Q. The Palau consortium entrusted you with the task of auditing the accounts of the Palau de la Música and cleaning up the institution. I guess they didn’t imagine that you would go thus far, especially Convergencia.

A. I took the leading role of the Palau de la Música with the tranquility of my more than 20 years of experience in cultural management, an area that I dominated, so I did not expect to encounter more problems than those already known. But on July 30, 2009, as soon as I crossed the door at 8 in the morning, surprises began to happen.

Q. Explain, please.

A. The first surprise comes when I ask the financial director to notify the banking entities with which the Palau had accounts that there were changes and that the accounts were blocked until the new proxies were appointed. Because since the search of the Mossos d’Esquadra a few days before nobody had done anything, the proxies were still Felix Millet and Jordi Montull.

When I see that it takes such a long time to execute that first order, I ask what happens, and I am surprised to know that there are almost 100 bank accounts. That already put me on alert. The financial director of the Palau was Gemma Montull, the daughter of the director of administration. She was putting all kind of obstacles for everything. At that time I did not know that she and her father were being investigated, because the judicial proceedings were under summary secrecy.

Fèlix Millet, Jordi Montull and Gemma Montull during the trial of the Palau case. (EFE)

Q. Millet, Montull and their daughter formed a true criminal plot.

A. I find Montull on the first day, on July 30. He tells me that he is going on vacation and that he will tell me things about the Palau when he returns. I had asked him to explain the purchase of a three million property by the Palau from a real estate company that, they had informed me, was their property. The operation had been done only two days before the search of the Mossos. That first day I also opened the Palau’s box. The Mossos had credited the existence of 200,000 euros in that box seven days before. When I open it, I find only 2,000. The secretary of Fèlix Millet tells me that this box is owned by Millet and that the missing money has been taken by him.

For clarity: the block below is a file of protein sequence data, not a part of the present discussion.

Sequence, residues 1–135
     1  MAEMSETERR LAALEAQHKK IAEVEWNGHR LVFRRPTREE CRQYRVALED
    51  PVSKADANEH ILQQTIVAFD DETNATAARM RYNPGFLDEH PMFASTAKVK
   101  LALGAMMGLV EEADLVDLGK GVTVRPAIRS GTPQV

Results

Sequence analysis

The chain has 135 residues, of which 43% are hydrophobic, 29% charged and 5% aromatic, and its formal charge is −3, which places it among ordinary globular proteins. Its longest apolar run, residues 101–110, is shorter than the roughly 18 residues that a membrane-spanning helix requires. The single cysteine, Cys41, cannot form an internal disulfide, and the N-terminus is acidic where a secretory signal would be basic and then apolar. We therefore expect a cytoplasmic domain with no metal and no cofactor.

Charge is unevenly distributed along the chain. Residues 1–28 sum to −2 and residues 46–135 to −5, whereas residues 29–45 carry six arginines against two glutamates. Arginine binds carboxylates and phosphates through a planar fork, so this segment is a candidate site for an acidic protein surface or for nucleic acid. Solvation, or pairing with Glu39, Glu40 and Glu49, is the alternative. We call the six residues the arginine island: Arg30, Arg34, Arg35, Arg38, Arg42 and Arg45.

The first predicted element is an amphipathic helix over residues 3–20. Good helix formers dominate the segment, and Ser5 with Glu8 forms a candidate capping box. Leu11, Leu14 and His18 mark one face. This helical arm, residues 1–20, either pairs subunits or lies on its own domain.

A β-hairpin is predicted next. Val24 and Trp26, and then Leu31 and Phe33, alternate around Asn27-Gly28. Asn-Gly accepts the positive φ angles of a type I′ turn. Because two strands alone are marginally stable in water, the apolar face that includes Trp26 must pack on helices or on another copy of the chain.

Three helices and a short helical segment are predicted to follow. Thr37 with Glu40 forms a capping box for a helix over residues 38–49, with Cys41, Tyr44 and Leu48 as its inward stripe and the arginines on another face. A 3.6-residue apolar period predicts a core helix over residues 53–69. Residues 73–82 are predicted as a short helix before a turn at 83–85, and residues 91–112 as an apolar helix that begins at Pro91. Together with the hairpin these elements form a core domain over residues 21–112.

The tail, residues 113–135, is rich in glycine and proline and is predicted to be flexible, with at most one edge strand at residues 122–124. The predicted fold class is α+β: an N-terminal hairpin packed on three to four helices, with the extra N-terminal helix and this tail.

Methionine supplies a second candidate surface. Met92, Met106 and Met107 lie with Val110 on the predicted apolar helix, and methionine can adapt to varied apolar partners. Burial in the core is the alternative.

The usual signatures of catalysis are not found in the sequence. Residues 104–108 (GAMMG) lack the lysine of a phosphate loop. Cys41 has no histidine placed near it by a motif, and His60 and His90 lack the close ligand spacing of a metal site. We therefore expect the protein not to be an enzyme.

Q. When do you start to see that the plot has a political derivative?

A. That same month of August. Seeing so many strange things I say “you have to do a forensic audit to know what is behind each document”. And among the papers that appear in August are agreements signed with the Trias Fargas, the foundation of Democratic Convergence [later renamed CatDem]. It is an annual agreement amounting to 650,000 euros in payments in recent years. The Palau paid the foundation with a generic objective, which is to carry out cultural activities. We studied these agreements and saw that they had not gone through the board; they were Millet’s personal decisions.

Bills of hundreds of thousands of euros appeared. Companies that provided services to Convergence but were paid by the Palau.

Then began to appear bills of hundreds of thousands of euros from three companies that were essentially engaged in election campaigns. Under very simple epigraphs such as ‘mailing’ carried out to promote the Palau, amounts that exceeded three million had been billed. Invoices of 90,000 euros, of 130,000. They were very simple bills on paper, without any proof or report. They provided services to Convergence, but it was the Palau who paid the bills.

Q. Did the Palau workers know that?

A. They told me that they did not know those companies, that they had never worked for the Palau and that the concepts of the invoices were false. To this is added another detail: invoice that arrived, invoice that was paid the same day of arrival. It was a very serious sign of abnormality.

Q. And at that point comes the surreal call of Felip Puig, the strong man of Convergence, in an episode worthy of the Cosa Nostra.